Papillon Cabinet by Jean-Luc Le Mounier from Bonham Art & Design.
Habitat Brisk by Eelco Hilgersom from Bonham Art & Design.
Swarm Credenza by J McDonald from Bonham Art & Design.

This Arrowtown gallery’s eclectic and exquisite offering makes the case for family heirlooms of intrigue 

A new wave of design — functional art — has seen the birth of pieces that are drawing the attention of the most esteemed collectors in the global art market. Functional art refers to aesthetic objects that serve a utilitarian purpose. It is a medium of art that doesn’t discriminate or exclude, which can inspire creative genius and embraces the fluidity of both art and industrial design to result in pieces that are unlike anything else.

From the left: Habitat Fierce By Eelco Hilgersom. Moon Orchid Cascading pendant by John Pomp Studios, both from Bonham Art & Design.

The adornment of art-like attributes to furnishings adds personality and narrative to a space, alongside simply providing the owner with a point of difference — something that makes their home truly unique. And Bonham Art & Design was imagined with this singular purpose: to offer its clientele a unique take on furnishings that would transcend trends and be sought after for decades to come.

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Earlier this year Bonham Group, one of the leading architecture and interior studios across New Zealand and Australia, launched Bonham Art & Design alongside Bonham Gallery. This brand evolution has seen it land exclusive access to some of the world’s best luxury furniture and functional art, bringing those pieces to the Australasian market for the first time.

From the left: Wrap Large By SkLO. Hive Lamp by J McDonald, both from Bonham Art & Design.

As pioneers of this functional art movement, Bonham Group is showcasing the rich potential of this new design frontier. Functional art is just starting to come into its own, offering a wellspring of rare and collectible pieces destined to become heirlooms for the next generation. And as we move away from old design trends, there seems to be more room for individual expression in interiors than ever before.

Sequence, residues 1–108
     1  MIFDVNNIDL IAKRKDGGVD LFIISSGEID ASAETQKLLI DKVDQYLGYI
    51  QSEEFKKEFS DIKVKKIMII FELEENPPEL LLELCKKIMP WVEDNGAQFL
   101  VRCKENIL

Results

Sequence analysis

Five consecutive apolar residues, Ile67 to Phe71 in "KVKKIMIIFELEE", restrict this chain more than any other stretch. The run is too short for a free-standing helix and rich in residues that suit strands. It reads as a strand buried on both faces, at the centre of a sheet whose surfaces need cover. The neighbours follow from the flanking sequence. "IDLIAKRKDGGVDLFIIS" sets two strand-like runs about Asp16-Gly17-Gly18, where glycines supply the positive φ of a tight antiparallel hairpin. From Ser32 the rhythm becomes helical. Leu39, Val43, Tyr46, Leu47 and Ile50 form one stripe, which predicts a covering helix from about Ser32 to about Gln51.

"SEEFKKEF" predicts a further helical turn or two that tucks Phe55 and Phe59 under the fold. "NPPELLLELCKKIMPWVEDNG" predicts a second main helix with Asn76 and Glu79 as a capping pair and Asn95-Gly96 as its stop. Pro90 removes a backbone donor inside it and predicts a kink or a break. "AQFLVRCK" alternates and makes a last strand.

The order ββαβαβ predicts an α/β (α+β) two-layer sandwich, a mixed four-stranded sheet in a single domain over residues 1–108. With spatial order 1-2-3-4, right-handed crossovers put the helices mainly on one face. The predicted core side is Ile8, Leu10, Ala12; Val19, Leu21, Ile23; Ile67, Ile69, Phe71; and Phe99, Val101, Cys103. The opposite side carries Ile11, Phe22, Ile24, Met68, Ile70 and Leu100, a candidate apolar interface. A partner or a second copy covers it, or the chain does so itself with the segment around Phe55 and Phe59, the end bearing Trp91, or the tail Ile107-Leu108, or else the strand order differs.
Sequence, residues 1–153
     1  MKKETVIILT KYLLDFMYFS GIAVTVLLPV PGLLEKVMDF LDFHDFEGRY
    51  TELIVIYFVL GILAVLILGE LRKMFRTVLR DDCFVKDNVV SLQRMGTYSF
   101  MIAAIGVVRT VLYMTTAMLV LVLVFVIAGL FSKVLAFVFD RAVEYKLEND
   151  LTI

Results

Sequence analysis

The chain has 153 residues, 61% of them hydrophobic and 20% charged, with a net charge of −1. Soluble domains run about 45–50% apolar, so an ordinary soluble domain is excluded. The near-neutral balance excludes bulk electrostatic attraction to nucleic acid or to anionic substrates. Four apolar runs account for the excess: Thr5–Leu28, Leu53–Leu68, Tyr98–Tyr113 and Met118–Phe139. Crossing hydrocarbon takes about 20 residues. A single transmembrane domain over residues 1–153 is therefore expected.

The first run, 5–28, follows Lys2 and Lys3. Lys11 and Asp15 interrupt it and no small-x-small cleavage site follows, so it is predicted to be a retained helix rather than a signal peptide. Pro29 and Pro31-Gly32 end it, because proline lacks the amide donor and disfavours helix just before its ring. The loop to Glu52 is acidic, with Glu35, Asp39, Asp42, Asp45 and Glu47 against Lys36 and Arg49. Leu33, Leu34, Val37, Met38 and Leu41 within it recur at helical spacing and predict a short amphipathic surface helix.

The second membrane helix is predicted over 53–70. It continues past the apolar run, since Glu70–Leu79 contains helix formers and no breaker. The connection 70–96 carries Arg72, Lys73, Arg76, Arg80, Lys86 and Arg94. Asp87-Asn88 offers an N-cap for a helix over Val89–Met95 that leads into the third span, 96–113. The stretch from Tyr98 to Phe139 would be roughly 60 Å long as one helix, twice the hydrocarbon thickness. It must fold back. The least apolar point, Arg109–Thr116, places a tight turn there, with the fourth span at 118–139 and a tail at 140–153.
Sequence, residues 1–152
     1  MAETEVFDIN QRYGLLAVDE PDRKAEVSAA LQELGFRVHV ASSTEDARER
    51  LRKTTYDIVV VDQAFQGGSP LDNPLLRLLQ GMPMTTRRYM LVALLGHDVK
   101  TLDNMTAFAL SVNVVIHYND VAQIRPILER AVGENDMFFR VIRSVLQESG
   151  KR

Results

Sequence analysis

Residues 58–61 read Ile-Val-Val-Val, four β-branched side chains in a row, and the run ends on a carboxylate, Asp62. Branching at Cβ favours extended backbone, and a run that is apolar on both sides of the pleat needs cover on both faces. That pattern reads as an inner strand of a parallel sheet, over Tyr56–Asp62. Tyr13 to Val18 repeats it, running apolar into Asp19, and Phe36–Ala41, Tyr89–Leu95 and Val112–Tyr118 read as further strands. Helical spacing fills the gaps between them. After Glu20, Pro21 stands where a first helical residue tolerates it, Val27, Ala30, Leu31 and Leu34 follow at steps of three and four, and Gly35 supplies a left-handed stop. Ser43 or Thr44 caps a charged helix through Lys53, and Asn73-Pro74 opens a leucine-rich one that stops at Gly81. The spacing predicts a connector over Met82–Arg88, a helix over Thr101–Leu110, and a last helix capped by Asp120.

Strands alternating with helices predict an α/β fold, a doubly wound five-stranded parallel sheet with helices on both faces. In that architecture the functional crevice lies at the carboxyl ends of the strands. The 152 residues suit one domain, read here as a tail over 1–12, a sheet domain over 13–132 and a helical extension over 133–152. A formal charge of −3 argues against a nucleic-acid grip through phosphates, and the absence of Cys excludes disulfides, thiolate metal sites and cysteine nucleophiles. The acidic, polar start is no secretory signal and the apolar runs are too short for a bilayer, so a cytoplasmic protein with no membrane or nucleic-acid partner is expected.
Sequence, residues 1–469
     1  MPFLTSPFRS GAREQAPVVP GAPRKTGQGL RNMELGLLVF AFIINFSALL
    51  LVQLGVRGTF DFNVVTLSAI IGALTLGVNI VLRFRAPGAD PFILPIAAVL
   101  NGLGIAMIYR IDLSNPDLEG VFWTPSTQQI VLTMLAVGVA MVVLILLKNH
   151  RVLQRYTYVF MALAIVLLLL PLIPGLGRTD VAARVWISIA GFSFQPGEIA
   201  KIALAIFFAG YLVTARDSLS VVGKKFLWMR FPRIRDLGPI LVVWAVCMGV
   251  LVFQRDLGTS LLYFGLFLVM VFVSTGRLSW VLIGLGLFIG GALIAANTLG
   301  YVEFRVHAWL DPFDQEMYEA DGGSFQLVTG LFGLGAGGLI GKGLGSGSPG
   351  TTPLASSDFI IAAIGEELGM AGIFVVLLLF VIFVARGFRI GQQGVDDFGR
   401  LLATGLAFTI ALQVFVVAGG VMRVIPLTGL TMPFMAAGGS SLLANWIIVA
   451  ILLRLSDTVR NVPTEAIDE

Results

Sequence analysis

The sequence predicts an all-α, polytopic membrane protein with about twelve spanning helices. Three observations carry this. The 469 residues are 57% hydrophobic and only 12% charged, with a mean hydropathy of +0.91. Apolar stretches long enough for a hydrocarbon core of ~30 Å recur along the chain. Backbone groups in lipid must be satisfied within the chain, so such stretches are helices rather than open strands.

“A home should be a reflection of who a person is,” suggests Bonham Group founder Jason Bonham. “Collectable design is a way to illustrate this with unique and handmade pieces that are absolutely timeless. Collectable art and design is also an investment and passes from generation to generation as future heirlooms.”

After all, there’s nothing quite like having a piece in your home that is utterly unique and specific to your space. And where iconic design pieces or collections of art might have fit that brief in the past, now it’s a hybrid of the two that modern consumers seek.

“We’ve seen a huge shift in the purchasing mindset from our clients and their approach to good design,” Bonham shares. “They want to buy once, buy right, knowing that what they have appropriated is the best of the best.”

From the left: Moon Orchid Sconce shade by John Pomp Studios. Six Legged Chair By Troy Smith, both from Bonham Art & Design.

As far as names to know on the functional art scene, contemporary creators like J McDonald and Troy Smith are just a tiny taste of Bonham Art & Design’s stable, with a range of functional art pieces able to be experienced at the group’s new Bonham Gallery in Arrowtown. There is also space being carved out for collectable design on the global secondary art market, with coveted pieces now being included in auctions at Sotheby’s and Christie’s, which have uncovered the profitable potential of pieces that are rare and design-led.

We have been reflecting for some time now on how the worlds of art and design continue to overlap, each pushing the other to evolve in new and exciting ways. Now that Bonham Group’s foray into functional art is set to keep us at the forefront of this, we can think about how our spaces and the pieces they are filled with will contribute to our legacy as lasting heirlooms for generations to come.


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